Researchers at Los Alamos National Laboratory have simulated all the atoms within a gene in DNA, which amounts to 1 billion atoms. This represents the largest and most accurate simulation to date, and it could help researchers on the hunt for cures for diseases such as cancer.
“It is important to understand DNA at this level of detail because we want to understand precisely how genes turn on and off,” Los Alamos structural biologist Karissa Sanbonmatsu said in a statement. “Knowing how this happens could unlock the secrets to how many diseases occur.”
In this experiment, researchers used all the atoms within a gene in DNA to learn more about how DNA expands and contracts, controlling the on/off switches in human genes.
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Sanbonmatsu and her colleagues modeled and ran the model on Los Alamos’ Trinity supercomputer, which is ranked as the sixth fastest in the world. Its capabilities support the National Security Administration’s stockpile stewardship program, which ensures these experiments are safe, secure and effective.
DNA is an essential material in all living things on Earth with genes that show body structures and activities. According to the researchers at Los Alamos, there’s enough DNA in a single human body to wrap our planet 2.5 million times.
A long, string-like DNA molecule is joined in a network of small molecular spools, and their winding and unwinding turns genes on and off. Researchers want to learn more about this spool network, which is also called epigenetics, a new field of science which studies the development of bodies in the womb and how diseases form.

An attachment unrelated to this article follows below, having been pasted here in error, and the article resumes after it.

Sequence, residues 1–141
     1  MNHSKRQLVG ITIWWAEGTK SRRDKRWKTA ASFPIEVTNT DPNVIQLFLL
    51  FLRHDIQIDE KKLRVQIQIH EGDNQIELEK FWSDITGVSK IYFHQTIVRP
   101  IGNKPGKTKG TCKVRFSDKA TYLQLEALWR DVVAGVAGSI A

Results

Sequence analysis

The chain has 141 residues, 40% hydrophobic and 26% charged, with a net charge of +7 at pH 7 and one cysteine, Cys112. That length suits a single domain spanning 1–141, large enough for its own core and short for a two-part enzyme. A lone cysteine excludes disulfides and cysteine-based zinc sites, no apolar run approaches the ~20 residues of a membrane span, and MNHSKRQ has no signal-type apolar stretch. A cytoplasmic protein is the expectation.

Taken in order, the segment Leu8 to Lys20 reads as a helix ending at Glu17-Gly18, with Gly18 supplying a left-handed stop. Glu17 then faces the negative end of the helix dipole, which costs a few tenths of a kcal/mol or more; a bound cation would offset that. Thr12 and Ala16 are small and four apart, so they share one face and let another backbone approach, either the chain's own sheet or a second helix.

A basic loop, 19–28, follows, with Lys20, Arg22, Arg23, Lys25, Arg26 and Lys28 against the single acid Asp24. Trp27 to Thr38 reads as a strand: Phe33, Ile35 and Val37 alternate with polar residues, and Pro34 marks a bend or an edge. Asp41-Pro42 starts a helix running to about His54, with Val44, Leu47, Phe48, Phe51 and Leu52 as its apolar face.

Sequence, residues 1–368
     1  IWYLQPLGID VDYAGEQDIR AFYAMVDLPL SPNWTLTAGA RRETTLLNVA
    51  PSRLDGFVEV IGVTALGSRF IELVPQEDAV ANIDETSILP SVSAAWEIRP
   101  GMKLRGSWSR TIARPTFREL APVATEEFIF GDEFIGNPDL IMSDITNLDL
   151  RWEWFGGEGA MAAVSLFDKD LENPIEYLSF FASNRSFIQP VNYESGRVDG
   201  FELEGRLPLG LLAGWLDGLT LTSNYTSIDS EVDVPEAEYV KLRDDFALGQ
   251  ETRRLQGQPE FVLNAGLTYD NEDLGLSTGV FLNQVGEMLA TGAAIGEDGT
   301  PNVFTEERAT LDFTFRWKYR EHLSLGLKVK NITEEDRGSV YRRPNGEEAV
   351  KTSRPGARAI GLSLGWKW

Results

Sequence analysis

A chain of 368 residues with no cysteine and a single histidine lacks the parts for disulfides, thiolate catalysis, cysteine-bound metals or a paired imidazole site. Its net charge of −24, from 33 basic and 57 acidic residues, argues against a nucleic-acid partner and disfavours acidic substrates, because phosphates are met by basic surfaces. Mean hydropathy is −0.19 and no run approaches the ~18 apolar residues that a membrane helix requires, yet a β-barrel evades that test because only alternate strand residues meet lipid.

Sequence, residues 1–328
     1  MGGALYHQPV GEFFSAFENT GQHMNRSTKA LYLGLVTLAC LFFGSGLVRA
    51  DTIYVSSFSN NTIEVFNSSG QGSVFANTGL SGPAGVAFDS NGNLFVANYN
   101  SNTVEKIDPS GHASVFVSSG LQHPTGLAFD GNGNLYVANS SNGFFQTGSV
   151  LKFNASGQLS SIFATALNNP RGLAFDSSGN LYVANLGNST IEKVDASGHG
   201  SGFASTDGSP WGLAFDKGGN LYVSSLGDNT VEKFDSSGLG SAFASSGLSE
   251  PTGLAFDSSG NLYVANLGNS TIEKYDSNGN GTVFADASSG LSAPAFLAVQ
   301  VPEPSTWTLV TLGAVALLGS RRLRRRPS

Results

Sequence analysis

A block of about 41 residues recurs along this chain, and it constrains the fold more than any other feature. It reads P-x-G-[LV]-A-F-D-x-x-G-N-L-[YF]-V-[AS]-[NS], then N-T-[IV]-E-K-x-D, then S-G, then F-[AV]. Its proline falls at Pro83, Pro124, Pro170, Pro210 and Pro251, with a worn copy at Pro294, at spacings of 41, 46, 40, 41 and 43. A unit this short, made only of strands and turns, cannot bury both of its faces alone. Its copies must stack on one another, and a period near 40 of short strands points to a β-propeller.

Simulating all the atoms within a gene in DNA helps researchers solve the mystery of how genes spread and contract, but it’s an extremely challenging task which requires a lot of computational resources.
“Right now, we were able to model an entire gene with the help of the Trinity supercomputer at Los Alamos,” Los Alamos polymer physicist Anna Lappala Los Alamos said. “In the future, we’ll be able to make use of exascale supercomputers, which will give us a chance to model the full genome.”
Researchers also highlight the importance of exascale computers as the next generation of supercomputers, which are expected to run calculations much faster than currently-available machines. Future supercomputers should enable researchers to model an entire human genome, which should shed more light on how genes are turned on and off.
The study describing these experiments was published in the Journal of Computational Chemistry on Apr. 17. In addition to the Los Alamos team, researchers from the RIKEN Center for Computational Science in Japan, the New Mexico Consortium and New York University also worked on it.